The American Cancer Society and the National Cancer Institute recommend using two alcoholic beverages a day for men and one alcoholic beverage for women maximum in their cancer prevention guidelines. The NCI defines one alcoholic beverage as stated below:
– 12 fluid ounces of beer
– 8-9 fluid ounces of malt liquor
– 5 fluid ounces of wine
– 1.5 fluid ounces of hard liquor
In closing, if you are suffering cancer symptoms or remain unsure, consult your physician and stop drinking and get yourself to the gym. To learn more about cancer risks and avoidance, join us at the Paul Ehline Ride Against Cancer each year, sponsored by Leathernecks Motorcycle Clubs and Ehline Law Firm Personal Injury Attorneys, APLC throughout the United States.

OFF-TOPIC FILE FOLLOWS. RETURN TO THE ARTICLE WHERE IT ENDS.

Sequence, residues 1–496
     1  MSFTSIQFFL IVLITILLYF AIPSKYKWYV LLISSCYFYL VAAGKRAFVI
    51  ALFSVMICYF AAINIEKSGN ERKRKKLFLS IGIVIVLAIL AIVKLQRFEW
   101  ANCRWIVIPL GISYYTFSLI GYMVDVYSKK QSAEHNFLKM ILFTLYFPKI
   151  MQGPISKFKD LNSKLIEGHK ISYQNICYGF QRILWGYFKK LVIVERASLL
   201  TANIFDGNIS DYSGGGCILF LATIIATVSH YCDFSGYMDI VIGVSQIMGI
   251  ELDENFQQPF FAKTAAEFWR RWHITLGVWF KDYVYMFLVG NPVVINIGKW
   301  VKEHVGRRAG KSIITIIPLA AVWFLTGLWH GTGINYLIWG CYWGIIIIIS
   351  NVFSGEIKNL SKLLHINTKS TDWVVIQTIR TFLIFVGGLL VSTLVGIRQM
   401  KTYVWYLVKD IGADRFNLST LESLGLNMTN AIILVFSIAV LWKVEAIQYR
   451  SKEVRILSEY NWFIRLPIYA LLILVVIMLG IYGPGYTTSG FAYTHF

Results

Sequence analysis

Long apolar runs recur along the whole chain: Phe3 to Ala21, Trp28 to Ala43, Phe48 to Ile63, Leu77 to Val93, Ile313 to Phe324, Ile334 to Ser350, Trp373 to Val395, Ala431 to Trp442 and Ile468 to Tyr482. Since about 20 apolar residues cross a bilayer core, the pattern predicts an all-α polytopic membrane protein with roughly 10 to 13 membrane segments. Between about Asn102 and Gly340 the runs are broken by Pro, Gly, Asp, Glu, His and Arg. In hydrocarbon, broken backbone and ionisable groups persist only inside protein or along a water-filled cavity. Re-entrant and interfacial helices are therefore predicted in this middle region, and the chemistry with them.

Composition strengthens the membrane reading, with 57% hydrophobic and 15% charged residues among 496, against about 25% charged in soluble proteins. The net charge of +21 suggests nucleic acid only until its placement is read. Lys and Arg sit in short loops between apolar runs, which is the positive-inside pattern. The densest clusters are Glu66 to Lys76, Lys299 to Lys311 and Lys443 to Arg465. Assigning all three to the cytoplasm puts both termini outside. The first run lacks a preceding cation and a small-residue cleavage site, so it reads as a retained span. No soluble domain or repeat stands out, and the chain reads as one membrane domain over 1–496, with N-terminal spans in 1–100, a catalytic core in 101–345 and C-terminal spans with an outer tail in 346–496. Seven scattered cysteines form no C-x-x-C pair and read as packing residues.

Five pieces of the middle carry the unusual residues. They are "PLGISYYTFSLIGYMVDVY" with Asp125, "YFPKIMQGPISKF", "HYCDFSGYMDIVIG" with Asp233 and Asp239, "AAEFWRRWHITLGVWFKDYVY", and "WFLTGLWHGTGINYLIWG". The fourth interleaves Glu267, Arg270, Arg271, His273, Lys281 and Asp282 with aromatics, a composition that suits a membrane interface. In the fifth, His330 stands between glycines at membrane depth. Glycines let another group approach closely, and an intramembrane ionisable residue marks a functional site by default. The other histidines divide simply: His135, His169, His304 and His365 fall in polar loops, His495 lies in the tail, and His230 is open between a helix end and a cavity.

LoConte NK, Brewster AM, Kaur JS, Merrill JK, Alberg AJ. Alcohol and cancer: A statement of the American Society of Clinical Oncology. Journal of Clinical Oncology 2018; 36(1):83-93.
Bagnardi V, Rota M, Botteri E, et al. Light alcohol drinking and cancer: a meta-analysis. Annals of Oncology 2013; 24(2):301-308.
International Agency for Research on Cancer. IARC Monographs on the Evaluation of Carcinogenic Risks to Humans. Volume 96: Alcohol Consumption and Ethyl Carbamate. 2010
“Alcohol and Cancer Risk Fact Sheet.” National Cancer Institute, 13 Sept. 2015, https://cancer.gov/about-cancer/causes-prevention/risk/alcohol/alcohol-fact-sheet.